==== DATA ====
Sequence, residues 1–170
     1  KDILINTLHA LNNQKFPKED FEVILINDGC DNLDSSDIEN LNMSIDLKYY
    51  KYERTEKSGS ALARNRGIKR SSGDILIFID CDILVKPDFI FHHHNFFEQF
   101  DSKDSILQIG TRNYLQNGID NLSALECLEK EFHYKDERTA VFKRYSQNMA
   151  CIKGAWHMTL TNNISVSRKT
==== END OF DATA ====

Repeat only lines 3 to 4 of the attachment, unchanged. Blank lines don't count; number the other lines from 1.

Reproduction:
    51  KYERTEKSGS ALARNRGIKR SSGDILIFID CDILVKPDFI FHHHNFFEQF
   101  DSKDSILQIG TRNYLQNGID NLSALECLEK EFHYKDERTA VFKRYSQNMA